The marked nutritional deficiencies noted in many patients with alcoholic cirrhosis have led most physicians to recommend nutritional support during the acute illness. A large cooperative study evaluated the role of an enteral food supplement in decompensated alcoholic liver disease. The investigators demonstrated a direct relation between caloric intake and survival and found that vigorous nutritional support enhanced survival, particularly in severely malnourished patients.

Glucocorticoid treatment.

Although there have been several studies of glucocorticoid treatment in patients with decompensated alcoholic liver disease, no convincing and consistent proof of efficacy has emerged, except in the subgroup of patients with severe alcoholic hepatitis and hepatic encephalopathy. However, only a few such patients qualify for glucocorticoid treatment, because patients with active gastrointestinal bleeding, infection, or renal insufficiency should not be treated. The usual treatment regimen is either prednisone or prednisolone, 40 mg daily for 4 weeks, followed by tapering of therapy over 1 to 2 weeks. Although propylthiouracil and colchicine have both been used in patients with alcoholic liver disease, the evidence warranting their use is not conclusive. Therefore, therapy for alcoholic cirrhosis is generally supportive and is aimed at improving nutrition, encouraging abstinence, and treating complications.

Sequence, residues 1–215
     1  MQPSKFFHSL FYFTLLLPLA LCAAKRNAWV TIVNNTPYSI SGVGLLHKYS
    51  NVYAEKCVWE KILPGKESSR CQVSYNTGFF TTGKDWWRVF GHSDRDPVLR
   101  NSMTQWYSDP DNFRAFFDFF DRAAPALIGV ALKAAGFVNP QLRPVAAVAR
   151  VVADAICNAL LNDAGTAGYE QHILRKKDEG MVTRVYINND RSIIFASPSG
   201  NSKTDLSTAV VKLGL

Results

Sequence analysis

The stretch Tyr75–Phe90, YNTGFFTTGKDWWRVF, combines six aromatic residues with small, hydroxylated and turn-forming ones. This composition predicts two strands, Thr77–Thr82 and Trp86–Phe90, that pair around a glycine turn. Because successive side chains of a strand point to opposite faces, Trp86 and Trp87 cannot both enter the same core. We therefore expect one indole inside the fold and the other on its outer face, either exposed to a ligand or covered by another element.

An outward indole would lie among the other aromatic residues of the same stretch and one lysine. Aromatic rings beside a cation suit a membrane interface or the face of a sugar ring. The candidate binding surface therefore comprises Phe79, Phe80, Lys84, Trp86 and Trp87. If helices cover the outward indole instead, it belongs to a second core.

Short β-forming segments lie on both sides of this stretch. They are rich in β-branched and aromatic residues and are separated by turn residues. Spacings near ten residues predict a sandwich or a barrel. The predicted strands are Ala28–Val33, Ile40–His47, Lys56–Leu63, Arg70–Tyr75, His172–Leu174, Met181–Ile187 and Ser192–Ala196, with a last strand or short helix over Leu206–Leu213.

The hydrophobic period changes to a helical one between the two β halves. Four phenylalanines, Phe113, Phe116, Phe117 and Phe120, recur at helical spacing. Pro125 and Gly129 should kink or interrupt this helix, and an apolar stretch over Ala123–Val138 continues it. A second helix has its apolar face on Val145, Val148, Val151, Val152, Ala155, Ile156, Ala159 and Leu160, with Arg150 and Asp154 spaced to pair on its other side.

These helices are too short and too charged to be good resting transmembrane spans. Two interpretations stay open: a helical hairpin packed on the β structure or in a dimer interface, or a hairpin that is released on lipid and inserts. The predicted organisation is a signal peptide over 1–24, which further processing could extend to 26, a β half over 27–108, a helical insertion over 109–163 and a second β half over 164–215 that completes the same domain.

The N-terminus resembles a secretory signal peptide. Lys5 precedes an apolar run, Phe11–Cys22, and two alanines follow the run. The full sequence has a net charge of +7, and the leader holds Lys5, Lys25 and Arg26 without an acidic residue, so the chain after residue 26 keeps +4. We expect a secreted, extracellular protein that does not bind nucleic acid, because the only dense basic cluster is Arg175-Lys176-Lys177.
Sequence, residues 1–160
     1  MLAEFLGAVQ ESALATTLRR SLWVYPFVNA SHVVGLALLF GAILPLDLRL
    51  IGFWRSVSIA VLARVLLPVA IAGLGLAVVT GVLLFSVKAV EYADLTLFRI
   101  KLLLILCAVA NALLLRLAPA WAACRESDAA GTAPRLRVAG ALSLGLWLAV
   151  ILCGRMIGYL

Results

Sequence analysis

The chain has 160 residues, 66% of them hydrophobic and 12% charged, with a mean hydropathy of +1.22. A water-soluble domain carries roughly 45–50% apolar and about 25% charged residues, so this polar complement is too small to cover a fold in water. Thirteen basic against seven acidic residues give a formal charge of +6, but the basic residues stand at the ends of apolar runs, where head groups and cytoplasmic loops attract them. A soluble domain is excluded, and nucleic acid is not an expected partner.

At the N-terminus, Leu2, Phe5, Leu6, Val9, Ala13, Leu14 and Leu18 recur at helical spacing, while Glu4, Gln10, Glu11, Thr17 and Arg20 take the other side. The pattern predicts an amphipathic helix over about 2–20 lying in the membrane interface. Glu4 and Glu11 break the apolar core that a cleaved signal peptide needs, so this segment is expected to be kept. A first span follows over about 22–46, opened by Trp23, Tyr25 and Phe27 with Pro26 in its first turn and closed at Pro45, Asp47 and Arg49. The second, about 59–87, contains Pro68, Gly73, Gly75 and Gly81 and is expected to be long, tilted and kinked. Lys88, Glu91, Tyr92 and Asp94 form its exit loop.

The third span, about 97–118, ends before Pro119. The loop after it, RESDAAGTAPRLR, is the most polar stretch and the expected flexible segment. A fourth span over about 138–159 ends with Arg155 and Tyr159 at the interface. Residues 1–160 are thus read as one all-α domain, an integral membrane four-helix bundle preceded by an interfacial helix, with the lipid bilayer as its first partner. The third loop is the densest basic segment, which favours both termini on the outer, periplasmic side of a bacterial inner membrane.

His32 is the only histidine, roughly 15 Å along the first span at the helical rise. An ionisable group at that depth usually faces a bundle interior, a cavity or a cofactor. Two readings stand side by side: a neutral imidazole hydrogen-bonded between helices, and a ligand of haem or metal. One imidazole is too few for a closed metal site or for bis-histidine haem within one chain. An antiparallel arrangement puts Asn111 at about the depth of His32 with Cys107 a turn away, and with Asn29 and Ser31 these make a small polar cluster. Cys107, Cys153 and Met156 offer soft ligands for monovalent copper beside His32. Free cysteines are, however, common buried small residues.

Primary biliary cirrhosis is a chronic and progressive cholestatic disease of the liver. The etiology is unknown, although it is presumed to be autoimmune in nature. The major pathology of this disease is a destruction of the small-to-medium bile ducts, which leads to progressive cholestasis and often end-stage liver disease.

In 1851, Addison and Gull described the clinical picture of progressive obstructive jaundice in the absence of mechanical obstruction of the large bile ducts. In 1950, Ahrens and colleagues named this disease primary biliary cirrhosis. The term is controversial because cirrhosis only develops late in the course of the disease.

Primary biliary cirrhosis is most frequently a disease of women and occurs between the fourth and sixth decades of life. The symptoms may strongly affect patients' quality of life and may induce incapacitation. Various therapeutic approaches have been implemented with variable results; in selected candidates, liver transplantation is the only treatment option for the terminal stages of the disease. After the procedure, the disease has a relatively high recurrence rate despite immunosuppressive therapy.